The effective use of school resources is a policy priority across OECD countries. The OECD Reviews of School Resources explore how resources can be governed, distributed, utilised and managed to improve the quality, equity and efficiency of school education.
The series considers four types of resources: financial resources, such as public funding of individual schools; human resources, such as teachers, school leaders and education administrators; physical resources, such as location, buildings and equipment; and other resources, such as learning time.
This series offers timely policy advice to both governments and the education community. It includes both country reports and thematic studies.
An open, liberal economy combined with redistribution and social welfare: The Danish model has largely weathered the storm of the financial and euro crises. Yet, when looking at education and integration, not all is rosy in the Kingdom of Denmark.
English, PDF, 747kb
Denmark continues to be the OECD country that invests the greatest share of its wealth in education. As in 2010, in 2011 Denmark was the OECD country that spent the largest share of its wealth on education with a total expenditure on educational institutions of 7.9% of its GDP
English, Excel, 53kb
Education at a Glance 2012: Key facts - Denmark
Denmark should build on the strengths of its vocational and educational training programme to ensure that young people enter the labour market with the skills companies need and to meet the national goal of having 60% of young people enter higher education by 2020, according to a new OECD report.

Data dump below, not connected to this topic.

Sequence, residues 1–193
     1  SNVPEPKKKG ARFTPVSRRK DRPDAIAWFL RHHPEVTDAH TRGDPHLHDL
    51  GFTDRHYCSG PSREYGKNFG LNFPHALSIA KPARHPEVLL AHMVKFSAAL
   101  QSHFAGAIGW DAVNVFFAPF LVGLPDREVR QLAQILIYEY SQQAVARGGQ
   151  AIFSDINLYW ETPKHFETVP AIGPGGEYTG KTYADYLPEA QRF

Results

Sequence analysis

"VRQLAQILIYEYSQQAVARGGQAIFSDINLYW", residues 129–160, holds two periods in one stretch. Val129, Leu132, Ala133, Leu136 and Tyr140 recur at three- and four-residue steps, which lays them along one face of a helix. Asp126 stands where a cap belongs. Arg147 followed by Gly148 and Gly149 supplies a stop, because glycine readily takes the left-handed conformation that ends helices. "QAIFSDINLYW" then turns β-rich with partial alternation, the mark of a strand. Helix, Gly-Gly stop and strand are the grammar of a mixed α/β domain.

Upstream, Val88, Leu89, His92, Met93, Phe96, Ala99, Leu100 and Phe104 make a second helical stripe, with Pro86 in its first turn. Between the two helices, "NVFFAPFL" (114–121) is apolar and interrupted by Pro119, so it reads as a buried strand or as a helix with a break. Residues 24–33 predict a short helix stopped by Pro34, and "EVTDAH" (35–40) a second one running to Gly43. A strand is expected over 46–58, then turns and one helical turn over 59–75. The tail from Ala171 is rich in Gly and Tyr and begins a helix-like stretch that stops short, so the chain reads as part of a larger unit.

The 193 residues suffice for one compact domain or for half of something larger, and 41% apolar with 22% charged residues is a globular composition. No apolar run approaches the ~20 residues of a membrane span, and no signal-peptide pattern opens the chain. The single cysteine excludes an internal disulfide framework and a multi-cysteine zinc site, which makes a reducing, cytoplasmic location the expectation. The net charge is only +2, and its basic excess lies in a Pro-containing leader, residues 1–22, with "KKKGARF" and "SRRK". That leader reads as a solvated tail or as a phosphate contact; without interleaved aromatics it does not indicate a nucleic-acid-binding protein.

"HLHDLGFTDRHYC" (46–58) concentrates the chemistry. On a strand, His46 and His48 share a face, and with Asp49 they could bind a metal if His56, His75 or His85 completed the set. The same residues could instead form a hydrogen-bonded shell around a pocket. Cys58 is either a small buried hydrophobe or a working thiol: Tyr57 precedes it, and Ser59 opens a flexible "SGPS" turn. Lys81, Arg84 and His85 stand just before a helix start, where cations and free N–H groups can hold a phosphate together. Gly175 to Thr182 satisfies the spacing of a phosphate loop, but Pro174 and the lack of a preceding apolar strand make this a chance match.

This book provides, for Australia, an independent analysis of major issues facing its educational evaluation and assessment framework, current policy initiatives, and possible future approaches.
La Corée occupe la première place du classement de la nouvelle enquête PISA de l’OCDE qui évalue la façon dont les jeunes de 15 ans utilisent les ordinateurs et Internet pour apprendre. Viennent ensuite la Nouvelle-Zélande, l’Australie, le Japon, Hong-Kong – Chine et l’Islande.
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Denmark holds high ambitions to improve student outcomes and deserves credit for gaining broad agreement from all major stakeholders in efforts to stimulate an assessment and evaluation culture in compulsory education.
This report analyses the results of an electronically-delivered test in science literacy pioneered by PISA in Denmark, Iceland and Korea. It presents 15-year-olds’ achievement scores and explains the impact of information communication technologies on both males’ and females’ science skills
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The immigrant population in Denmark is one of the smallest in Western Europe, but it is made up of highly diverse groups coming from about 200 different countries.